While a positive mind is good for our soul, did you know that a positive outlook is actually good for our bodies? An article recently featured on the Thyroid Survivor Network Facebook page explains how science is now finding a causal connection between a positive mind and a healthy body: http://www.hsph.harvard.edu/news/magazine/happiness-stress-heart-disease/
Of course, Harvard is not alone in this thinking. The Mayo Clinic, among other health care providers, encourages patients to keep a positive mind in order to maintain health and wellness.
The American Health Association also found that a positive outlook can ultimately lead to living longer and stronger lives. This finding is echoed by numerous other researchers who are uncovering the many ways a positive mind can enhance our immune system, as well as our overall well being. This article by Kendra Cherry “The Benefits of Positive Thinking” explains how keeping a positive mind effects many facets of our lives, including how we cope with stress, how it can strengthen our immune system, and ultimately make us more resilient. A list of studies featured in this article are listed below.
While this is merely a glimpse into the science showing the health effects of maintaining a positive mind, it serves as a great reminder to try and be more positive overall in life. As many know, it has become a tradition at the Thyroid Survivor Network on Sundays to stop for a moment and reflect on those things for which we are most grateful. It may seem trite, or even cheesy to some, but the fact is that gratitude is infectious and before you realize it, you can’t help but have a positive mind. So whether it is to reap the health benefits of being positive, or merely to help you get through a rough day, pause for a moment to find anything to be grateful for. Not only will you feel better, but your body will thank you!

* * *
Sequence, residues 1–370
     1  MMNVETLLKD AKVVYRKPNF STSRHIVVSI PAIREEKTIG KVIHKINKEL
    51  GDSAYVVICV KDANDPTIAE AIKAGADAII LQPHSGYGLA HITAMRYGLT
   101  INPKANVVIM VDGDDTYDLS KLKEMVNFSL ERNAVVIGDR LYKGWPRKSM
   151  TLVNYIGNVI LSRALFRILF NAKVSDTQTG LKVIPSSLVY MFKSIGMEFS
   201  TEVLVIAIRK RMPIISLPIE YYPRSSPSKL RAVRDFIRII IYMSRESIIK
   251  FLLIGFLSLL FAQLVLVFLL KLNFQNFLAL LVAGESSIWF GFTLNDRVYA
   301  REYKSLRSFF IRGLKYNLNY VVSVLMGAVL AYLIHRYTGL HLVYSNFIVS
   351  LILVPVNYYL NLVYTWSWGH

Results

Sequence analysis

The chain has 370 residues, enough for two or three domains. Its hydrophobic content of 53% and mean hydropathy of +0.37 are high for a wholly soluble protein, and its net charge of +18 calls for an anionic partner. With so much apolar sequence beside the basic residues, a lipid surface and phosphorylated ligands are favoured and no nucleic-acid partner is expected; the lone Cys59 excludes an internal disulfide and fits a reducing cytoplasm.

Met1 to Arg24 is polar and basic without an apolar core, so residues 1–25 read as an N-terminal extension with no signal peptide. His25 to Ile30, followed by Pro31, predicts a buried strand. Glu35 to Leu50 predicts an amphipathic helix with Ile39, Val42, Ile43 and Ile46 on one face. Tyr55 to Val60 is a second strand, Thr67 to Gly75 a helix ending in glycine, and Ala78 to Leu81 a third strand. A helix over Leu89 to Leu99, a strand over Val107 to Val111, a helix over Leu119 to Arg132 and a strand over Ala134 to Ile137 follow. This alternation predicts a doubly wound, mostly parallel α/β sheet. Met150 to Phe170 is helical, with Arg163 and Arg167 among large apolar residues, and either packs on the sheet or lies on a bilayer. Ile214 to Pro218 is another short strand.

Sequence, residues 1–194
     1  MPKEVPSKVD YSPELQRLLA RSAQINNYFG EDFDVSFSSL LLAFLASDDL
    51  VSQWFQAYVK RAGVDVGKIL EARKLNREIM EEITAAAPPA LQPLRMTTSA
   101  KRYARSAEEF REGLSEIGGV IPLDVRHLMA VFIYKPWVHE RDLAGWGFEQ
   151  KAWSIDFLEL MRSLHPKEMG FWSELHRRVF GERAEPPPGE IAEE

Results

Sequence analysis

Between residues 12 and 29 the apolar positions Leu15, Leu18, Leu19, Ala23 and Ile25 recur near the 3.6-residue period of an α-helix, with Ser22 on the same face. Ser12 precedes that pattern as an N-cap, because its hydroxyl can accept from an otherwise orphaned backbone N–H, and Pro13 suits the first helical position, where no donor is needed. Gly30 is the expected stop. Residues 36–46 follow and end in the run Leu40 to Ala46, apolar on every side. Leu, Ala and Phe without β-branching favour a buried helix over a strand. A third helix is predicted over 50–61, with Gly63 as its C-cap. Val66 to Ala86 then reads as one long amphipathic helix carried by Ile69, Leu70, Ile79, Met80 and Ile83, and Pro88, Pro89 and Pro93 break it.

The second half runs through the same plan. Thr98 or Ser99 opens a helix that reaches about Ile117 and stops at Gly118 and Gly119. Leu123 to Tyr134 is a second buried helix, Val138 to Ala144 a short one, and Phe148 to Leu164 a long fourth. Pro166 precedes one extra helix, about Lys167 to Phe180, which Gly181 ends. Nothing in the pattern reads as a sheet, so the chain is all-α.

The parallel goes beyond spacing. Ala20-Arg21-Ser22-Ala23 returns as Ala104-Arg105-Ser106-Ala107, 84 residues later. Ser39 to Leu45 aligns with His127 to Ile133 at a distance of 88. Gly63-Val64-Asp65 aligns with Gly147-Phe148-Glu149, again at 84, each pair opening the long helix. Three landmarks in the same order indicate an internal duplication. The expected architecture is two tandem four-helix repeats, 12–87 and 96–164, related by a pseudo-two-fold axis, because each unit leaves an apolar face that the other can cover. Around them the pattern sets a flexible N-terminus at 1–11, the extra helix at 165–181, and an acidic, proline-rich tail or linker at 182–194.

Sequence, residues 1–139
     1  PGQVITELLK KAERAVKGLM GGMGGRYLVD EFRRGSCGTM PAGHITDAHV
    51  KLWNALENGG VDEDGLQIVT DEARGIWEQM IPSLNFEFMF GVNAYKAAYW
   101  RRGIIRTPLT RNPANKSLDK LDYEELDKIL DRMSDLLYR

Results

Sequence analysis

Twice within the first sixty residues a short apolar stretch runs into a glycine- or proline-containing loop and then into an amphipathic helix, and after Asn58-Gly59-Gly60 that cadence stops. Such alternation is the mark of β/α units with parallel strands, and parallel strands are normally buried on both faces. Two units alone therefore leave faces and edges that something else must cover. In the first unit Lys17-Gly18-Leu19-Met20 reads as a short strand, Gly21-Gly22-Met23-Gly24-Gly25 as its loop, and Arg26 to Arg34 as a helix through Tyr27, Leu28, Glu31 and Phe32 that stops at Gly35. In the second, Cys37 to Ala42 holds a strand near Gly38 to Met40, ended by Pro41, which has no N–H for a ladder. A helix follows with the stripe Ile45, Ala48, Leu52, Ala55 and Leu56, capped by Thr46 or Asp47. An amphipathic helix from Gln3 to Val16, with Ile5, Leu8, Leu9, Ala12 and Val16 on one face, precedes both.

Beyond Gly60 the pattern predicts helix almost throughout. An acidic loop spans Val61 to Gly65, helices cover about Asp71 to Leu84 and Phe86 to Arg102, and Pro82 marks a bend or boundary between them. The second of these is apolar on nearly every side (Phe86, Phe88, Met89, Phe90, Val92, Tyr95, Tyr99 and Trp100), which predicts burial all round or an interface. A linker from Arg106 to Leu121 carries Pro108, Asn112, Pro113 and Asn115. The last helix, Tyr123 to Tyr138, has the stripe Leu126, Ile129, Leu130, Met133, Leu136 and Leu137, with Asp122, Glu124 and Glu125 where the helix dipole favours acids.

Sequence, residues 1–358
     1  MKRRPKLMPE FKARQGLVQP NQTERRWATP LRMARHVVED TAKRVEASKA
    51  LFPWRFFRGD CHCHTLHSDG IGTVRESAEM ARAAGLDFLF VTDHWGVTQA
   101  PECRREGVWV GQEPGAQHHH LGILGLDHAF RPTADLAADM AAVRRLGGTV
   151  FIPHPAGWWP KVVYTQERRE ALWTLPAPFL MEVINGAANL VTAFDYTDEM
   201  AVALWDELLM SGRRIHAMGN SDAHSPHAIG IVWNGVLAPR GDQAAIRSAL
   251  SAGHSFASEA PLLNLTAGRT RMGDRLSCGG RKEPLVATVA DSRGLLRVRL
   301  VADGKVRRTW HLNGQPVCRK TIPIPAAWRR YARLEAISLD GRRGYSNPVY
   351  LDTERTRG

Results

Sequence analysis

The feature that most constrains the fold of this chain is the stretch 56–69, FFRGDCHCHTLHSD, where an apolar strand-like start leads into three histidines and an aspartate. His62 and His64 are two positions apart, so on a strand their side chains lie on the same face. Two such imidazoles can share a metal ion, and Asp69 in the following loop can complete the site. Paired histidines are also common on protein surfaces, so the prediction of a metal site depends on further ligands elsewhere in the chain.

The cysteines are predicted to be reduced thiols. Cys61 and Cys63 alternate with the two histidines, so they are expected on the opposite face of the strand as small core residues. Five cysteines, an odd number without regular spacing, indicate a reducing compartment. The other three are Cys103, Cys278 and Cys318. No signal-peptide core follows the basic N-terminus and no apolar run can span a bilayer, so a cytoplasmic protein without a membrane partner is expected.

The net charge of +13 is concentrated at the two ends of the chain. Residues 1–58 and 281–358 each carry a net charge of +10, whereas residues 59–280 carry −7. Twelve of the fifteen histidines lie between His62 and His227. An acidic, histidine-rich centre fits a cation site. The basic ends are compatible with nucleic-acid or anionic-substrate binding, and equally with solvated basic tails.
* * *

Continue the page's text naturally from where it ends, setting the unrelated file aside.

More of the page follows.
Fredrickson, B. L., Tugade, M. M., Waugh, C. E., & Larkin, G. R. (2003). What good are positive emotions in crises? A prospective study of resilience and emotions following the terrorist attacks on the United States on September 11th, 2001. The Journal of Personality and Social Psychology, 84(2), 365-376.
Goleman, D. (1987). Research affirms power of positive thinking. The New York Times. Found online at http://www.nytimes.com/1987/02/03/science/research-affirms-power-of-positive-thinking.html?pagewanted=all&src=pm
Goode, E. (2003). Power of Positive Thinking May Have a Health Benefit, Study Says. The New York Times. Found online at http://psyphz.psych.wisc.edu/web/News/Positive_thinking_NYT_9-03.html
Mayo Clinic. (2011). Positive thinking: Reduce stress by eliminating negative self-talk. Found online at http://www.mayoclinic.com/health/positive-thinking/SR00009
Schwartz, T. Psychologist and scientist Suzanne Segerstrom ’90 studies optimism and the immune system. Chronicle. Found online at http://legacy.lclark.edu/dept/chron/positives03.html
Segerstrom, S. & Sephton, S. (2010). Optimistic expectancies and cell-mediated immunity: The role of positive affect. Psychological Science, 21(3), 448-55.